Rail experts are set to gather in London for a special conference considering the current state of lighting on the rail network.
The event, which will take place at the Cavendish Centre in Central London on the 18th of May 2017, will address the key issue of driver-only operation, which is prompting strike action across the UK network.
Many of the UK's largest rail franchises are planning to remove guards, who have traditionally been responsible for train doors, and place the responsibility in the hands of drivers.
Rail unions think that this will put passengers at risk and lighting has the ability to play an important role to ensure nobody is in danger.
From missing a boarding passenger due to poor uniformity to experiencing ‘wipe-out’ on CCTV monitors to discomfort and debilitating glare, train drivers face lighting hazards every day.
In a special session at the conference, experts will explore how to best assess the lighting performance at railway stations, depots and power signal box control rooms for driver-only operation.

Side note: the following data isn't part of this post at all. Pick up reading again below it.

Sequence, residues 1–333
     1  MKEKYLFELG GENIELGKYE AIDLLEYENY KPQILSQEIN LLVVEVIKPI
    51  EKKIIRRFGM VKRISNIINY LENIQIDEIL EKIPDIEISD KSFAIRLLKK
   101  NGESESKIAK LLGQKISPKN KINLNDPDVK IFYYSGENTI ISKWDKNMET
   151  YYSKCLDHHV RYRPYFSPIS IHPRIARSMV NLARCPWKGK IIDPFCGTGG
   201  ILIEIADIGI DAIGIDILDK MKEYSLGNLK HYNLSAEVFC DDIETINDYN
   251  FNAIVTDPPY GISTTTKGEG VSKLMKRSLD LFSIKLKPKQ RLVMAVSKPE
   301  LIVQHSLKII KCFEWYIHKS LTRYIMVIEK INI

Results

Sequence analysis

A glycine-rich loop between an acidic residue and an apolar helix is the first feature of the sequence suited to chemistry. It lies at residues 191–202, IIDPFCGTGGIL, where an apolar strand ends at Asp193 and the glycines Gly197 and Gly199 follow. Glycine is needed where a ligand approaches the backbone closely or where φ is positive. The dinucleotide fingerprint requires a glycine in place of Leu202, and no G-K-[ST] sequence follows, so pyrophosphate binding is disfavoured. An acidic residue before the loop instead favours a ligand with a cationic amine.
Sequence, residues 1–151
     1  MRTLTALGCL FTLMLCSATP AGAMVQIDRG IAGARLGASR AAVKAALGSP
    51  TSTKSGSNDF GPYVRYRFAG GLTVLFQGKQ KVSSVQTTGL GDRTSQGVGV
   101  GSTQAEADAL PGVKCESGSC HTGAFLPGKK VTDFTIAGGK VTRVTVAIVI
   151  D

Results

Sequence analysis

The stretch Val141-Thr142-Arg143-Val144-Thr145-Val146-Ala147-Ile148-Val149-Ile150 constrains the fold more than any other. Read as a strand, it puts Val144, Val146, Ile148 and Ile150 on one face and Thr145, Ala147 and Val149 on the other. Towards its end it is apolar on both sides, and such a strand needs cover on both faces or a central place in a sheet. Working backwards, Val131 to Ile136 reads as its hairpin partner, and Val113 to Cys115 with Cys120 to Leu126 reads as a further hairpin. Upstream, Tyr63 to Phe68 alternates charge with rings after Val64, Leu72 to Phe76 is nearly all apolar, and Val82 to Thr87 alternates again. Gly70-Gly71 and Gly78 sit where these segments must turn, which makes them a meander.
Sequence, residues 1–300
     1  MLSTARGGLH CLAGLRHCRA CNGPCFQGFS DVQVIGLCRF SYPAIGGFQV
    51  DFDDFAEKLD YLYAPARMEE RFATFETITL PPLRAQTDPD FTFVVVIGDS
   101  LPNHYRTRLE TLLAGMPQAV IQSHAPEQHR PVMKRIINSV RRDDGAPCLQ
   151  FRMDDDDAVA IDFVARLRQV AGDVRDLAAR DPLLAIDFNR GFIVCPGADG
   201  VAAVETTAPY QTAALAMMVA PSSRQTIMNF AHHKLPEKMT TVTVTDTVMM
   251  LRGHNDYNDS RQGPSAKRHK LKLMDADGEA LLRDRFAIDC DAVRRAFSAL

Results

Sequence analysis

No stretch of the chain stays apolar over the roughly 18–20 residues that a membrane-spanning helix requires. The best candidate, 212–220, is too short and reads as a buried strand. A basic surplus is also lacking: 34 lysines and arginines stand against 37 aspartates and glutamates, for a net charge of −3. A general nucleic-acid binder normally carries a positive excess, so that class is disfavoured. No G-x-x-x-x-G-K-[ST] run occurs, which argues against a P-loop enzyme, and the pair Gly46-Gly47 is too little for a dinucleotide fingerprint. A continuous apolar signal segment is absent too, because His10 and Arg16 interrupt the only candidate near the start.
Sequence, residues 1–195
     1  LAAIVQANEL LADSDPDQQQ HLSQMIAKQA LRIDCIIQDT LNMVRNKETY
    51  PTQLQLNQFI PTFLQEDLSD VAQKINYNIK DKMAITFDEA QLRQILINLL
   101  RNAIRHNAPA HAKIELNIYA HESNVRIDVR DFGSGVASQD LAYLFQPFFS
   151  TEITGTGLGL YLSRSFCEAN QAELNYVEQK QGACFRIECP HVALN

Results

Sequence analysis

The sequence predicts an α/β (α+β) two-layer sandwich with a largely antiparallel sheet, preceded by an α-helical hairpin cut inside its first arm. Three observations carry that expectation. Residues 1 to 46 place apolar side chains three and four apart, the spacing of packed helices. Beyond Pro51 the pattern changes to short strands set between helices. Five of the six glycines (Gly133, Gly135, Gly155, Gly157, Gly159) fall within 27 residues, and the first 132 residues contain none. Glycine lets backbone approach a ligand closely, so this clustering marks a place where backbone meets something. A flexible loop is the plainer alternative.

The evolving nature of rail industry’s lighting standards and the challenges and opportunities associated with lighting technology on the rail network will also be discussed at the conference.
A new generation of train sheds, that is currently under construction to house InterCity Express rolling stock, will also be placed under the microscope.
The conference will also consider what is the most cost effective way of cutting light pollution on the rail network. Invited experts will ask how can residents’ attitudes to changes in colour temperature can be managed, as the backlash against the colour temperature of street light LEDs continues.
Suicide on the rail network is also a problem that that the conference will attempt to address. The use of blue light to reduce track suicides, an idea pioneered in Japan, is now being trialed around the world, including in the UK. The conference will ask if the science is backed up by results on the ground.